A history of UT's oldest building
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From the barrel-vaulted ceilings to water-themed motifs to the gargoyles on the tower, there is so much to appreciate about the University of Toledo’s oldest building, University Hall.
Crews started construction of the building in 1930 and finished about 11 months after they started. It is not a part of the Works Project Administration that was started to create jobs during the Great Depression. University Hall was created from the minds of architects and then-president Henry Doermann.
“It’s what we would call ‘institutional Gothic,’ which is very popular at many institutions across the country,” said Steven Bare, a graduate assistant in the Department of History. “So it’s really unique that in the first third of the 20th century, the University of Toledo would pick a really dated form of architecture for this building.”
Bare taught a public history practicum class last semester that researched University Hall and its history. The class found interesting tidbits about every part of the building, including its iconic tower and mysterious staircases.
“It’s known as the one true architectural gem on UT’s campus,” Bare said.
When Doermann created his idea for University Hall, he wanted students to be able to “reach for the sky” and thought a tower would be the perfect way to accomplish that. University Hall’s tower reaches a height of 205 feet tall and has a four gargoyles that sit on each of the corners. They are there to protect the campus and ward off evil spirits.
University Hall is a reflection of collegiate Gothic architecture, featuring a turret on the East side of the main entrance. Niches, common in Gothic architecture, can be found empty on both sides of the entrance into the building. These typically would have held a religious statue, but stand empty because UT is a state college.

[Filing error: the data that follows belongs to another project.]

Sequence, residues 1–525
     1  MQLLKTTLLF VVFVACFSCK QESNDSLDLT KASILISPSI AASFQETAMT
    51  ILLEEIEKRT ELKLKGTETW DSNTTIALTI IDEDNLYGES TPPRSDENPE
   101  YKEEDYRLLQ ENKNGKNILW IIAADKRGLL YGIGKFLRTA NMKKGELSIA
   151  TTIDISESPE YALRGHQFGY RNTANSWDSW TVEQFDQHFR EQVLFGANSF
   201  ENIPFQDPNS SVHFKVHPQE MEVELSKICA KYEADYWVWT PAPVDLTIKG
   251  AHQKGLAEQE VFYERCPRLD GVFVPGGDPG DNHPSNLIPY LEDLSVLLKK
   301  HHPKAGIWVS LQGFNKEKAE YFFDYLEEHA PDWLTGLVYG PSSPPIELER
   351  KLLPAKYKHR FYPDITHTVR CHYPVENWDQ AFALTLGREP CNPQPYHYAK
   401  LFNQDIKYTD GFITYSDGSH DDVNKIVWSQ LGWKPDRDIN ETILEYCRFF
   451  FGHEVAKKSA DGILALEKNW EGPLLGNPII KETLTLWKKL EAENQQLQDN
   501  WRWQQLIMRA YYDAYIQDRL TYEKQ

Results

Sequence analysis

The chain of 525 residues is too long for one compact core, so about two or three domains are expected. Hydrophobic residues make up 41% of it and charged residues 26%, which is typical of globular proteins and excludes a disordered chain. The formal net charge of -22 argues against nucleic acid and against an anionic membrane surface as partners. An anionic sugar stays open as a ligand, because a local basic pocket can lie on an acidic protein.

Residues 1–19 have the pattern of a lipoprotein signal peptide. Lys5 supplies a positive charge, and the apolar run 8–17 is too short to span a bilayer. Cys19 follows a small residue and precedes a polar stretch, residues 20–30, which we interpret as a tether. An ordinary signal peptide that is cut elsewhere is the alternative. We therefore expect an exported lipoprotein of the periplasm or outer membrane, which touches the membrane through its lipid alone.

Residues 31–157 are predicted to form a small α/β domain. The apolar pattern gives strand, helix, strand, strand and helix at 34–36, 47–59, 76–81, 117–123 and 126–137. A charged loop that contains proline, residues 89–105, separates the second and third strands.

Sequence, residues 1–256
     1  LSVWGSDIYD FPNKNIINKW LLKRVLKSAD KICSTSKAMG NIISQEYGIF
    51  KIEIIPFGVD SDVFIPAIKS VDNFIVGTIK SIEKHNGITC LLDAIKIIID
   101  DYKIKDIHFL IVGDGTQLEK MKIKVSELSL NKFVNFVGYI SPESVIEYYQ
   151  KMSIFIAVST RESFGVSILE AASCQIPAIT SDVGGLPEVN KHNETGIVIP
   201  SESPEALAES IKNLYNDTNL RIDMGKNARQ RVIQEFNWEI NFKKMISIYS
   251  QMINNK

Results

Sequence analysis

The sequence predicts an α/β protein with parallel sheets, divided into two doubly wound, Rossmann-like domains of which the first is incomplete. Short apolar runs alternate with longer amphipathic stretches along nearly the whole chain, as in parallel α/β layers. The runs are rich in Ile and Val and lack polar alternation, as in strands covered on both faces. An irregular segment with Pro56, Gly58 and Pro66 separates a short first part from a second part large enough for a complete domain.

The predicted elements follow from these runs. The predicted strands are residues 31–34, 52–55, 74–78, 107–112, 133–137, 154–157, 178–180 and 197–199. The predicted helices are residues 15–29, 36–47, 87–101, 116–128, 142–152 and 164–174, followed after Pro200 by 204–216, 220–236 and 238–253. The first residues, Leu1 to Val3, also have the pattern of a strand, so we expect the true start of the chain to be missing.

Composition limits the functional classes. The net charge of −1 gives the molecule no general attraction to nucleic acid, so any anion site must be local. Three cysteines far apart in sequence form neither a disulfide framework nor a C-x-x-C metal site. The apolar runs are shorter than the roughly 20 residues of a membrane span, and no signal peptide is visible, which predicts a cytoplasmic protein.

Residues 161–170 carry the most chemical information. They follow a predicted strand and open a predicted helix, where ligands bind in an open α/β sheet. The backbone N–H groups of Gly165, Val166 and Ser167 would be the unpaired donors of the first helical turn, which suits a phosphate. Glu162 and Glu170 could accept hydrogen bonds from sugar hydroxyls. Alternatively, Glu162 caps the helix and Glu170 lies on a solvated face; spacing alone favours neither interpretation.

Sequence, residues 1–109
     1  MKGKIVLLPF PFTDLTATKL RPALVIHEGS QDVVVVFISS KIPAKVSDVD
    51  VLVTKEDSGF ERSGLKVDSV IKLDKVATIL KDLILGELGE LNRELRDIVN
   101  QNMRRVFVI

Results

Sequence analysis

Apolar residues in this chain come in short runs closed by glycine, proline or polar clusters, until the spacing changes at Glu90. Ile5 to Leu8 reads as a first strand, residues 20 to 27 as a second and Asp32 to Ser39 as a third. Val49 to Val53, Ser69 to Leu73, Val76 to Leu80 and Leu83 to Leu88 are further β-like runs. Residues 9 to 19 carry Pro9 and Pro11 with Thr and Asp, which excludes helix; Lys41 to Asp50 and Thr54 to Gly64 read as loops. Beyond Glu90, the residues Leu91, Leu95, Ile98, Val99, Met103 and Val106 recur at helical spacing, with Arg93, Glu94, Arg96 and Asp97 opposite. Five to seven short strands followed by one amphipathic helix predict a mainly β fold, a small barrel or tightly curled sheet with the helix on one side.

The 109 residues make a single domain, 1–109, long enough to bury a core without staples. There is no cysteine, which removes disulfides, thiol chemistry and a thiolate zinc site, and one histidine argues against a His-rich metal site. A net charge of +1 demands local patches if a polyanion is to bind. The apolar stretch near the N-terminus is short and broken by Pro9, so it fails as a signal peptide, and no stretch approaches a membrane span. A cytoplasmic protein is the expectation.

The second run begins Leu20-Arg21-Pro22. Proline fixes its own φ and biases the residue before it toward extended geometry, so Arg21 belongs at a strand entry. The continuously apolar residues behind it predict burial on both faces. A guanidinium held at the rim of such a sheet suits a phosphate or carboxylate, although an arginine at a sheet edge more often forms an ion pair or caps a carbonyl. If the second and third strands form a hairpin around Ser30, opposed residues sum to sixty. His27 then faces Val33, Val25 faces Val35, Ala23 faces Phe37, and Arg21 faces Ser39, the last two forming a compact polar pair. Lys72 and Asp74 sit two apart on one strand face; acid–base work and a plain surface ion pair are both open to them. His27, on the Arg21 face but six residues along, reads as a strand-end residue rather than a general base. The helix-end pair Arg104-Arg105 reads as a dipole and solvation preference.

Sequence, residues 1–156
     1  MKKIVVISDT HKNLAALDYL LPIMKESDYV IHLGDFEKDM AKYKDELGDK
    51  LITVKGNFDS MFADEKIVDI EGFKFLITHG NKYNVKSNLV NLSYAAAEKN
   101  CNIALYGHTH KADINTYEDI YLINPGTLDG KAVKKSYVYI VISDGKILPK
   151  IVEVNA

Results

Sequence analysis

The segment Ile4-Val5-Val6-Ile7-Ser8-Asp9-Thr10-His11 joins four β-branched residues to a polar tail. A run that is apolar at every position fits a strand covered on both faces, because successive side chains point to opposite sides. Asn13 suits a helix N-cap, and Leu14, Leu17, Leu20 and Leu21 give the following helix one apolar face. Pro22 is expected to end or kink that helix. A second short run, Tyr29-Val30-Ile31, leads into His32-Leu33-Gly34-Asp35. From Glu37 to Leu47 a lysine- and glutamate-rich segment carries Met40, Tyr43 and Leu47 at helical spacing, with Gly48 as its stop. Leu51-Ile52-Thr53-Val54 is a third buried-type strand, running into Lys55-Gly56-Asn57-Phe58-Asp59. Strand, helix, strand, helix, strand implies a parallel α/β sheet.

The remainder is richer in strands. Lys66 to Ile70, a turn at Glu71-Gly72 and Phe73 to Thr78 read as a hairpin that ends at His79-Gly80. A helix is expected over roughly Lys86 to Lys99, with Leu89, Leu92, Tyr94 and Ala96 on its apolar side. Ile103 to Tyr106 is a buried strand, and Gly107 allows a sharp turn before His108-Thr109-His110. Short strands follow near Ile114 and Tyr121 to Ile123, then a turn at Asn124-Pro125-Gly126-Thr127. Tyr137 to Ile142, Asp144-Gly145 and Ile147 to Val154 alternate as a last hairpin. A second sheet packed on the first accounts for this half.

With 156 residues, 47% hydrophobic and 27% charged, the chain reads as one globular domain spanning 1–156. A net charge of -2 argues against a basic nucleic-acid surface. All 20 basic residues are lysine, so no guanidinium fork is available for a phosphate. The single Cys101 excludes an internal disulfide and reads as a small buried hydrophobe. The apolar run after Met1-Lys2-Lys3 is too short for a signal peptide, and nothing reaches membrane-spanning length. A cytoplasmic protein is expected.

The cornerstone was placed during the building’s dedication in 1930. Legend has it that there is a time capsule placed inside, containing UT student publications, a map of Toledo in 1930, the election board count, pictures of the groundbreaking ceremony, a copy of the commencement program and a copy of Doermann’s speech. But we will never know for sure, as it would surely ruin the building’s history to take a look inside.
UT’s bell tower lost its bells in 2006 when they were replaced by a speaker system. The speakers toll the time every half hour, ten minutes before the hour and on the hour. The university fight song plays at noon and the Alma Mater plays at 5 pm each day. Even though the bells are gone, the clock on the outside still tells time. The minute hand is actually eight feet long and the hour hand is five feet long.
On the back of the building, you have probably noticed the large doors that lead to nowhere. These actually lead out of the back of Doermann theatre. In the original blueprints, these doors were meant to have stairs leading up to them, but the idea was dropped. Now their only purpose is to confuse students.
In the original building, the East wing held the engineering and architectural classes, while the West wing housed the sciences. The library was on the fifth floor, located where there is now a dance studio. Before the Student Union was built, there was even a cafeteria for students below Doermann Theatre.
For 47 years, University Hall was used without air conditioning. In November of 1978, cranes were used to place air conditioning units over the roof and into their current location.
The third floor of University Hall also showcases forms of Gothic architecture, including vaulted ceilings. The main stretch of hallway is a barrel-vaulted ceiling, while the two courtyard entrances are ribbed vaults. Plaster molds of alternating mermen and sirens adorn the ceiling. Bare said Doermann commissioned these molds to represent the university’s closeness to Lake Erie.
The third floor, which contains the offices of the university president and other administrators, also showcases the seals of 55 different universities painted upon the wall. The seals represent the alma maters of faculty members in 1934. The seals were painted as part of a WPA project. In early 2000, frames were installed to protect them for future generations.
As for the staircases, floating staircases can be seen in the West and East staircases. These ramps and stairs lead to sections of the old library, mainly what used to be the Stacks and Magazine rooms.
At the main entrance to the library, there are two doorways that used to lead right into administrative offices, including the president’s office. The doors were sealed off to create more protection.
In today’s money, University Hall would cost around $35 million to build.
This is just the tip of the iceberg when it comes to uncover the secrets of University Hall. So go exploring with your friends or by yourself and find out what makes our university so special.